Greenwashing is when an unsustainable company markets itself or its products as sustainable. This could be through a variety of methods; direct or indirect, visual or otherwise and can come in many forms – which makes it difficult to spot. It could be anything from posting a picture for Earth Day on Instagram to choosing green leaves as a backdrop on a products packaging.
Greenwashing is anything that is done to build a sustainable reputation that mystifies the truth. The truth being that either the company doesn’t care about sustainable principles at its core and is only doing so for profit, or the company is actively hiding the unsustainable practices that are occurring in the background, like creating water and plastic pollution, using cheap and exploitative labour practices or avoiding tax.
Examples of direct greenwashing include using buzzwords like ‘eco’ ‘sustainable’, ‘compostable’ when they are not true. Sometimes companies claim products are made from recycled materials when actually the recycled element only makes up a small percentage of the product. ‘Compostable’ often necessitates the consumer themselves composting the product and ‘sustainable’ is so far reaching and vague that it provides endless loopholes for the company to not be held accountable.
Direct greenwashing could also be posting on social media claiming to care about climate change while not actively addressing sustainability issues in their own company which aren’t consumer facing like Instagram is, such as in their supply chains.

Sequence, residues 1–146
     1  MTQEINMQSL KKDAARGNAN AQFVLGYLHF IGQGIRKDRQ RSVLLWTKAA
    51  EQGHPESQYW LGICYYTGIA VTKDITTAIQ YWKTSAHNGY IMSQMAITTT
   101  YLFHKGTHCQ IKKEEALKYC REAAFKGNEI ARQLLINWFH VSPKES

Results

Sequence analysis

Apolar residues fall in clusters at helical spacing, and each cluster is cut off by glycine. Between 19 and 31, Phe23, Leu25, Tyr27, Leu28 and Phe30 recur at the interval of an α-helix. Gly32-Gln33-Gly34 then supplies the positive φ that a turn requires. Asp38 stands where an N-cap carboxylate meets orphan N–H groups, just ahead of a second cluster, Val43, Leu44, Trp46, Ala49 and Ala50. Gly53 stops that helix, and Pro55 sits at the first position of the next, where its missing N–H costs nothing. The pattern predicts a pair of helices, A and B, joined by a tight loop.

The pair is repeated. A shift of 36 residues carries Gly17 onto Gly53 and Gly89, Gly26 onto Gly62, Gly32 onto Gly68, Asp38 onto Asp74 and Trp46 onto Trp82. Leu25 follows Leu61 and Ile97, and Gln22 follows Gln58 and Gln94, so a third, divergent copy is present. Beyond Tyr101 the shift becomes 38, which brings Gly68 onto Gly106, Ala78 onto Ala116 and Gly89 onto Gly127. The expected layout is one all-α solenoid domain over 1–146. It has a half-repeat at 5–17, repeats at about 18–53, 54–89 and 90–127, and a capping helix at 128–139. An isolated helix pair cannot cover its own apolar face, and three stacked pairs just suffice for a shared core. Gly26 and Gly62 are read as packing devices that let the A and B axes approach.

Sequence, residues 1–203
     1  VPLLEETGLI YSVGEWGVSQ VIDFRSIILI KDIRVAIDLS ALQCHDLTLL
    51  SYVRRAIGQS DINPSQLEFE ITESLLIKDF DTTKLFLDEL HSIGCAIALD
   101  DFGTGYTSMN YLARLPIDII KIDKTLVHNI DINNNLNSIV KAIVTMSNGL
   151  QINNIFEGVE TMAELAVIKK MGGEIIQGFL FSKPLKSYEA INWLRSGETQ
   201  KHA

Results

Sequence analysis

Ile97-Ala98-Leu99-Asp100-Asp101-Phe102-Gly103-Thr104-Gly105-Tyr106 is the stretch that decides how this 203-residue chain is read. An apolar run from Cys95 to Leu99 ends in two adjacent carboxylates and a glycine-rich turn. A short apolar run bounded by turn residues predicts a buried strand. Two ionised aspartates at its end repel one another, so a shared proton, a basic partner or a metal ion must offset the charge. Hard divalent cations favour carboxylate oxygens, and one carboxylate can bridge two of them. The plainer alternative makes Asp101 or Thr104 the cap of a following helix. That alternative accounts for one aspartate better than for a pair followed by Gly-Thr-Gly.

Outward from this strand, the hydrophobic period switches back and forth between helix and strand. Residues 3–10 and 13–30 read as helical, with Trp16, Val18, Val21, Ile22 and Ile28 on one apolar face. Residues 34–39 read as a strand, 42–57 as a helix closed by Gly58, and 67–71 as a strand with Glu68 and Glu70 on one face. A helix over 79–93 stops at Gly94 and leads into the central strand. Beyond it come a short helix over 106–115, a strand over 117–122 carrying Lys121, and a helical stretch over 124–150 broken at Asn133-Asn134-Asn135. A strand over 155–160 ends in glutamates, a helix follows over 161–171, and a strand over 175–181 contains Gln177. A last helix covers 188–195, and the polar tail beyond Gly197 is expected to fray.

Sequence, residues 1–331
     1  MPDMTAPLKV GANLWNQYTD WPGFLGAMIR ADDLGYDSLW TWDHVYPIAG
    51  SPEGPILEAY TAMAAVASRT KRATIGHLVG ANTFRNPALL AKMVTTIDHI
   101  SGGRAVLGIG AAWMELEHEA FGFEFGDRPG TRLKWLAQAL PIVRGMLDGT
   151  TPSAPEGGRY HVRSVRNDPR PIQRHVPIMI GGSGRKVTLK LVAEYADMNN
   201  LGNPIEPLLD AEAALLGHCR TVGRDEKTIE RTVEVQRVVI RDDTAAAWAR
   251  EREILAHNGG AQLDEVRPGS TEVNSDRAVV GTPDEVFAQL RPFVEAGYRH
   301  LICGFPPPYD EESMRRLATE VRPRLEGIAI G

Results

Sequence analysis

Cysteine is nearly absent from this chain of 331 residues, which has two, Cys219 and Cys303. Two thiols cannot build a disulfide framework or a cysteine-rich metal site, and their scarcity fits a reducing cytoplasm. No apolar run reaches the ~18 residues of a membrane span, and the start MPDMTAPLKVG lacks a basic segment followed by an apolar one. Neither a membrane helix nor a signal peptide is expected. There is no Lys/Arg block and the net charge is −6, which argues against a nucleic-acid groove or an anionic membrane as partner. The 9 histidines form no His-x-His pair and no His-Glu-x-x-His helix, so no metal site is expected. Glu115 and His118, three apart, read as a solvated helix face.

Indirect examples include using imagery, visual aids or a green aesthetic to create an implication or association of sustainability, capitalising on it as a trend. This could be as simple as the use of green leaves or pictures of a rainforest as a backdrop for a product in an advertising campaign.
In some examples of greenwashing, the branded product itself appears to be sustainable but it is actually owned by a billion dollar parent company like Unilever, Nestle, L’Oreal or Coca Cola who are huge polluters and have been guilty of labour abuses – two extremely unsustainable practices
Why do companies do it?
Easy answer – to sell their products. Companies know that the demand for sustainability is growing and it is something that more and more consumers are aware of and lean towards. It is therefore beneficial to push any sustainability credentials because it makes your product and brand look good and therefore generates profit.
Greenwashing is when any sustainability claims come from this motivation, rather than genuine concern for the planet, workers or biodiversity.
How to decode if a product is greenwashed or authentic?
Greenwashing is highly effective and really can communicate a message of sustainability, even in an indirect way. So don’t feel ashamed as a consumer if you thought a product was sustainable and later found out it wasn’t, or if you don’t have the access to genuinely sustainable alternatives.
An easy thing to decipher genuine sustainable credentials is to look for officially recognised certifications in your country, such as ‘Vegan Society Approved’ or ‘Cruelty Free’ from official bodies that award this. Try your best, seek out education and build your awareness and you will begin to know what to look for and get to know the names of real sustainable brands too.